Greens are a mainstay in the Florida Cool Season garden. Leafy greens are nutritious as well as bountiful in a well maintained vegetable garden. When harvested and prepared properly in the kitchen, they make many excellent and interesting side dishes.
Cool Season vegetable crops are those crops that can be planted in the Florida vegetable garden that will grow well during the shorter, cooler days of late fall through winter. The vegetables need the cooler temperatures to help them germinate, grow, set fruit and mature. They may even benefit from a light frost, as it converts the starches into sugar and improves the taste. It is important to plant Cool Season crops late enough in the fall so that they can complete their full cycle up to harvest before the temperatures get too warm, usually at the beginning of March.
The Brassica (cabbage) family is a remarkable group of Cool Season vegetables comprising of cabbage, collards, mustard, broccoli, cauliflower, Chinese cabbage, bok choy, kale, kohlrabi, radishes and turnips. Swiss chard and spinach are more closely related to beets and offer great tasting greens too. When planted at the right time of the year in the vegetable garden, you will experience five very productive months for growing greens.
Some of these greens are planted once and grown for up to five months as “cut and come again” crops such as mustard and collards. As the plant grows, remove the older leaves for the kitchen table and leave the new leaves and center of the plants alone. They will grow more leaves so you can come back and cut some more at a later date. Leaf lettuces could also be considered “cut and come again” crops.
I have intentionally left out Brussels sprouts. Unless we have a very cool winter, I have not had much success with them. That doesn’t mean you should leave them out if you want to grow them. However, if the winter is not cool enough, don’t be discouraged. Perhaps you will try again.
We should grow these crops in full sunny locations, in soil that has been amended with plenty of organic matter. Give the plants enough space so they grow to mature size. Keep the soil moderately moist and provide a complete fertilizer that has a moderate amount of nitrogen for best growth. Nitrogen may cause a lot of leafy growth (OK for collards, kale, mustard and cabbage). Lower nitrogen applications are better for broccoli, cauliflower, kohlrabi, radishes and turnips where we are growing crops for the compact flower buds or tasty roots. Broccoli, mustard, collards, cabbage and kale can be fertilized every three weeks. Fertilize cauliflower every 4 weeks. Keep weeds and caterpillars under control.
Brassica seeds can be planted in a container in September to grow transplants but they all do equally well being planted directly in a well amended garden bed. Don’t over plant to reduce the amount of thinning required. Usually, a small pinch of seeds placed in the soil about ¼” deep at the correct spacing, approximately every 12”, will be sufficient for an excellent crop, and you may actually have some seeds left over for next year’s Cool Season vegetable garden.
There are many pests in the Cool Season vegetable garden that like to eat greens too. These pests include caterpillars such the cabbage looper, diamondback moth, armyworms, cutworms and the cabbage webworm, and leaf feeding beetles. Aphids, whiteflies and stink bugs/stink bug relatives feed on the leafy greens. Fortunately the caterpillars are easy to control when they are young by using products that contain Bacillus thuringiensis. Beetles and bugs will need an appropriate insecticide but the Florida Vegetable Garden Guide does not list an organic control at this time. Aphids and whiteflies can be controlled with insecticidal soaps. The soap spray should be applied directly to the insects to be effective. I find that oil sprays on leafy green vegetables can cause harm to the leaves if over applied.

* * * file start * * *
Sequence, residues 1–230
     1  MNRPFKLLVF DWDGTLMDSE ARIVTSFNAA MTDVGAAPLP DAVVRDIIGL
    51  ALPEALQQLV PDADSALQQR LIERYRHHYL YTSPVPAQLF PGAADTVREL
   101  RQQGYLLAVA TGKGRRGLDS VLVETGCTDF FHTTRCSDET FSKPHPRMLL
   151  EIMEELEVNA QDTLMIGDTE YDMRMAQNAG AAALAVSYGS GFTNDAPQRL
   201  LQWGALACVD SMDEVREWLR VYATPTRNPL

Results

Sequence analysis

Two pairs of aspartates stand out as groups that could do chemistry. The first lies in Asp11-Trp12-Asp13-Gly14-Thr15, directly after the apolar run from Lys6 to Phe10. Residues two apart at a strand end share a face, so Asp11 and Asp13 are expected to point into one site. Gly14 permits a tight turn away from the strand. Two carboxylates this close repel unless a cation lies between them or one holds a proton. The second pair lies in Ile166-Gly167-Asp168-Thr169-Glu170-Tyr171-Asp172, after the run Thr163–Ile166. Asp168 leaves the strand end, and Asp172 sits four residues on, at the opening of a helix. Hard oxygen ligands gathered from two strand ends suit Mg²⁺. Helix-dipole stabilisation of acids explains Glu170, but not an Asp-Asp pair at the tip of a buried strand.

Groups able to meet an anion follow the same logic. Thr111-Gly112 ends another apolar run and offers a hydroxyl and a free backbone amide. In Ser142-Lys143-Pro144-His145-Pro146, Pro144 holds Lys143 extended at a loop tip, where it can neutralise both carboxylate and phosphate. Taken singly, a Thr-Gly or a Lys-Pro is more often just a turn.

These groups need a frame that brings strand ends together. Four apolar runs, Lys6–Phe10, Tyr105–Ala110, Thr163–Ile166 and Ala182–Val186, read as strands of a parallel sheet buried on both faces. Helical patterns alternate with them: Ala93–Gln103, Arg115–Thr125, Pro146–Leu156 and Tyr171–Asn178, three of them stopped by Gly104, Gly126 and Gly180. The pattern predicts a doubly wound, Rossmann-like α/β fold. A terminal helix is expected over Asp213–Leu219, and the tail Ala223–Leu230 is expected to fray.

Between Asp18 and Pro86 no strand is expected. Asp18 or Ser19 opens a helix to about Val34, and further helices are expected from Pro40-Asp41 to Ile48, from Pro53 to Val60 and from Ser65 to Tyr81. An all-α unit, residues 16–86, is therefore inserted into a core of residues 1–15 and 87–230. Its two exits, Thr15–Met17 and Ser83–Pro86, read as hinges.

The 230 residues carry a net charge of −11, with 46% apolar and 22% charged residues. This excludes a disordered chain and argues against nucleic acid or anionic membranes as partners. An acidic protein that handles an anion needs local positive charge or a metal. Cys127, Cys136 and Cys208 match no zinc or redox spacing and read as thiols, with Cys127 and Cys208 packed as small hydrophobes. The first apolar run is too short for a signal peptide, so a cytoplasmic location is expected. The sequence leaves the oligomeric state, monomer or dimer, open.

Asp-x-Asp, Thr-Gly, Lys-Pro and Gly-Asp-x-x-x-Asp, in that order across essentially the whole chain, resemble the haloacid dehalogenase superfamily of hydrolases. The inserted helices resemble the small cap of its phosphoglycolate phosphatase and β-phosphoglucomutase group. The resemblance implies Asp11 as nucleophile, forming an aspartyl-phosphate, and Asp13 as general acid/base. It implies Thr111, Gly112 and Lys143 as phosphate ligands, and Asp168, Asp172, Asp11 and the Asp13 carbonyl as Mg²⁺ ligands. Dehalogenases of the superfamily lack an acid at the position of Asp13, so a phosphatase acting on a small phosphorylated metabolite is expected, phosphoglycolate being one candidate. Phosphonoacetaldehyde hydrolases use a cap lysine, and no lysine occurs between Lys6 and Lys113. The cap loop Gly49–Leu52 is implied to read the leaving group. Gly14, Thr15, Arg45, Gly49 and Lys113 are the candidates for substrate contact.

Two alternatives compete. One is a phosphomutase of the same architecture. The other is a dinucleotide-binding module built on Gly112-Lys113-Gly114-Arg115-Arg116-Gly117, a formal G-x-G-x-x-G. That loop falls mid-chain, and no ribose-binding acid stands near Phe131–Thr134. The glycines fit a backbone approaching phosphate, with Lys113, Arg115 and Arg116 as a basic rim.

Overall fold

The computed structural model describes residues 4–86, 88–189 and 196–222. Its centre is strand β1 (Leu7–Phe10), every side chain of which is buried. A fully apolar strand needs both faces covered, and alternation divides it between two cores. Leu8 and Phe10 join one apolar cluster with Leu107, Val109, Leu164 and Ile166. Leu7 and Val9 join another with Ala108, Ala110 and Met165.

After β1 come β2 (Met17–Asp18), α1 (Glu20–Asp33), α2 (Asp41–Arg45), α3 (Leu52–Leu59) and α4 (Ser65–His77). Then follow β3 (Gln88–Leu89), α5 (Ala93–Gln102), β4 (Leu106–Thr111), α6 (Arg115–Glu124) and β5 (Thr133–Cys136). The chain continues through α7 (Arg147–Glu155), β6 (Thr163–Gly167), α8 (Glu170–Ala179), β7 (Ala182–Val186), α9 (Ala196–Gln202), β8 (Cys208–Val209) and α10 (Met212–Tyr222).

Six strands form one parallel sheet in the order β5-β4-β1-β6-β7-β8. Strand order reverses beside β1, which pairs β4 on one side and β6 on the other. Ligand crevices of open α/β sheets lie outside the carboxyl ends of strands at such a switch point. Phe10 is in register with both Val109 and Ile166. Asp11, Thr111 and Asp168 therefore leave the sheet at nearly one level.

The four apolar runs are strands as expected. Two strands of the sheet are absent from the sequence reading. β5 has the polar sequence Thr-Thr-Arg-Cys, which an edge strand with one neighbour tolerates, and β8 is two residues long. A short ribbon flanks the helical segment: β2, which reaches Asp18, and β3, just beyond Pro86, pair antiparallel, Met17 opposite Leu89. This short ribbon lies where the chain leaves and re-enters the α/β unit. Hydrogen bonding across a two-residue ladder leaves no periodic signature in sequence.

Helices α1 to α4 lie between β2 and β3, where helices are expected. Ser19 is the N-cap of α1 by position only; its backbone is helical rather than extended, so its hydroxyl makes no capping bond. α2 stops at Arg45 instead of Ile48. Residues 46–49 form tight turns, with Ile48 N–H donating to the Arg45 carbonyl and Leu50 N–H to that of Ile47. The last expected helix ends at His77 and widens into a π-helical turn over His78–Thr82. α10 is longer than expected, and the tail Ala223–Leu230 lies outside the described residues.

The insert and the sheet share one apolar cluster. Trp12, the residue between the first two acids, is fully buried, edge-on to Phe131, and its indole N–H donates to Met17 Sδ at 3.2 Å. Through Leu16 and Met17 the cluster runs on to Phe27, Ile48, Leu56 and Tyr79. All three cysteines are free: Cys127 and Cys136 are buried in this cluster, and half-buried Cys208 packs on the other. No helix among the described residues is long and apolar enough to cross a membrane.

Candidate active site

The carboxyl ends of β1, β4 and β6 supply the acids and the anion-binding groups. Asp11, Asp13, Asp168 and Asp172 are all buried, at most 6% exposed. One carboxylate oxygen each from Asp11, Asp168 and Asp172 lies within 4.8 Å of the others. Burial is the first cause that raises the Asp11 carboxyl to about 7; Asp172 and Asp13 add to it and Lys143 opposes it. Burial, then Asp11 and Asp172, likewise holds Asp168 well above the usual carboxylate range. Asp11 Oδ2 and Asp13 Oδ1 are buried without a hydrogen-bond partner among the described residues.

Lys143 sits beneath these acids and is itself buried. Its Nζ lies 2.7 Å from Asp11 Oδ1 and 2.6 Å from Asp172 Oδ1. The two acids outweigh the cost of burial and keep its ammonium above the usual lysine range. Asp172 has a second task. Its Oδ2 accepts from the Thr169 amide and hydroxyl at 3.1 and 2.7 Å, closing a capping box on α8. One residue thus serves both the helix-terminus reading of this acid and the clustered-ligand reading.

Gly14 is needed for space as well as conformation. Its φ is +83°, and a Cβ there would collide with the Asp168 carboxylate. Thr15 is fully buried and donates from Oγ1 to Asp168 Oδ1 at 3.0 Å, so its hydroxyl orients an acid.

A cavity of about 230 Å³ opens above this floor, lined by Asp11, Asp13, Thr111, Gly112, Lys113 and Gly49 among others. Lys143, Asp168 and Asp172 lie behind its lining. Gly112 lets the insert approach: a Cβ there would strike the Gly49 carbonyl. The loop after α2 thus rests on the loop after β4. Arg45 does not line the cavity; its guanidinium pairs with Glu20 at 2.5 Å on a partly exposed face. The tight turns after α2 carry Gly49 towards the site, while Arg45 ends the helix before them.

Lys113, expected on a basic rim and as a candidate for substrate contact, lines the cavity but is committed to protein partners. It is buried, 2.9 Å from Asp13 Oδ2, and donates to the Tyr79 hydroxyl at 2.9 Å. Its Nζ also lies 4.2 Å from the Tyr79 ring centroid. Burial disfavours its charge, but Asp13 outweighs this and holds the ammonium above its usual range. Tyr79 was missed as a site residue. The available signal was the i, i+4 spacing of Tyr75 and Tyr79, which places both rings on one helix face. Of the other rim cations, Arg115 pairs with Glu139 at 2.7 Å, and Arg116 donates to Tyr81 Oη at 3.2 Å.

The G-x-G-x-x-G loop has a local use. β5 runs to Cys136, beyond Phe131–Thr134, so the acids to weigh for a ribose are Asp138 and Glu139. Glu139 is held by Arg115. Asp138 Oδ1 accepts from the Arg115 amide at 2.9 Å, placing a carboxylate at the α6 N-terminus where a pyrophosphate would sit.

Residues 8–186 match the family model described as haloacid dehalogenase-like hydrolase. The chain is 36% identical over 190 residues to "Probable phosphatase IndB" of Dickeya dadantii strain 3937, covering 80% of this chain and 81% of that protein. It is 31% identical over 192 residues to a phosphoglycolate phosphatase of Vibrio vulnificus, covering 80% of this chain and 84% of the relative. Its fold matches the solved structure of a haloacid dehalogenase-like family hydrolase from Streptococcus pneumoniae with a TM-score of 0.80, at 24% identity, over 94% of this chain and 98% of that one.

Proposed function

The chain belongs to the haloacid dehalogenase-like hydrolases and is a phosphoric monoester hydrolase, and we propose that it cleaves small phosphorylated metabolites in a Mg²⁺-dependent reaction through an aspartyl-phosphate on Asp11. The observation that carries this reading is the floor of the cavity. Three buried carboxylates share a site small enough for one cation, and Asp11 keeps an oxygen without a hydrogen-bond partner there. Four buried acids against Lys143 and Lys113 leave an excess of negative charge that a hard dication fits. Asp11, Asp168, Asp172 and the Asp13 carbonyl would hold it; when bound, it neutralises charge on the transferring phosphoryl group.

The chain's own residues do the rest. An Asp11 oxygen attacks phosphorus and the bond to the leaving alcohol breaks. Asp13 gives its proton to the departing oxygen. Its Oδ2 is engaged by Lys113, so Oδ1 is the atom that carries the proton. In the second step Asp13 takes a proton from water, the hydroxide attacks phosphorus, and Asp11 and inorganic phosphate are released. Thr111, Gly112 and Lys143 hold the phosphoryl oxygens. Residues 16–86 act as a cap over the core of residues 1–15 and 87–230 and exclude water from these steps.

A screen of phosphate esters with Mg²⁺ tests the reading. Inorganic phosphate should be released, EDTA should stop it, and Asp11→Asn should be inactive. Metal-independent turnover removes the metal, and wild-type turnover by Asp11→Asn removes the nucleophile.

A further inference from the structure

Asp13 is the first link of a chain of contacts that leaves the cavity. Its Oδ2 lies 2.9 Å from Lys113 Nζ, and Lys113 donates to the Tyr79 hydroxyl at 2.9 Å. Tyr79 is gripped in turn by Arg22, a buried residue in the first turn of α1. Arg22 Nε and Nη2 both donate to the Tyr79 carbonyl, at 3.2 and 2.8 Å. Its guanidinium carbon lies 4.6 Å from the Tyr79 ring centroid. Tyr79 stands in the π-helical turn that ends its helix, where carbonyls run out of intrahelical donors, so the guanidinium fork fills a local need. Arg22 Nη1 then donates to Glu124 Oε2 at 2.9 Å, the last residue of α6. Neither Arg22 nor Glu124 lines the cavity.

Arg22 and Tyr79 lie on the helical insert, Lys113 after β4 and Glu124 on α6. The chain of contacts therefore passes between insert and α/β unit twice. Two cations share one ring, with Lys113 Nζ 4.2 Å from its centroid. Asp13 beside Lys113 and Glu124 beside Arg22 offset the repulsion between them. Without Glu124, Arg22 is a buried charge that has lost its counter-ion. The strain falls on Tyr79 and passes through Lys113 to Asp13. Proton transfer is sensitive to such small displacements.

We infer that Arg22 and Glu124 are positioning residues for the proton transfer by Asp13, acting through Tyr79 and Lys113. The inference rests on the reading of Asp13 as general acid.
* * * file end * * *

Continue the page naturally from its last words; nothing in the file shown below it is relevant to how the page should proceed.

Develop your own Integrated Pest Management (IPM) strategy for your garden. Identify the pest first. Decide if the pest is causing enough damage to require a control strategy. Once you determine what the pest is and that it needs control, then select the best method/pesticide to control that pest.
Keep the gardening soil moderately moist throughout the growing season. Avoid overhead irrigation from sprinklers or hoses to reduce the incidence of diseases. Drip irrigation systems work well when crops are growing so close to the soil. If irrigating with reclaimed water, it is also highly recommended to keep the water off the plants. Of course, always rinse your vegetables with drinking water before eating them.
Weeds are also pests in the vegetable garden. They take up space, compete for nutrients and water and are often a host plant for many of the pests we experience in the garden. Hand pulling them is a good control strategy as there are few herbicides recommended for the garden.
UF/IFAS Gardening Solutions discusses harvesting and cooking information. Some greens can be eaten raw in a salad such as kale and spinach. Greens can be sautéed with oil and spices for a bold flavor. For Southern preparations, you can boil the greens with onion, garlic and some kind of smoked meat such as a smoked turkey wing or a ham hock. The liquid from these boiled greens, called pot liquor, can be eaten separately with corn bread.
Most of all, care for the garden as needed and enjoy the best tasting vegetables ever — your own.
Come back and read more about the “New Vegetable Gardener.”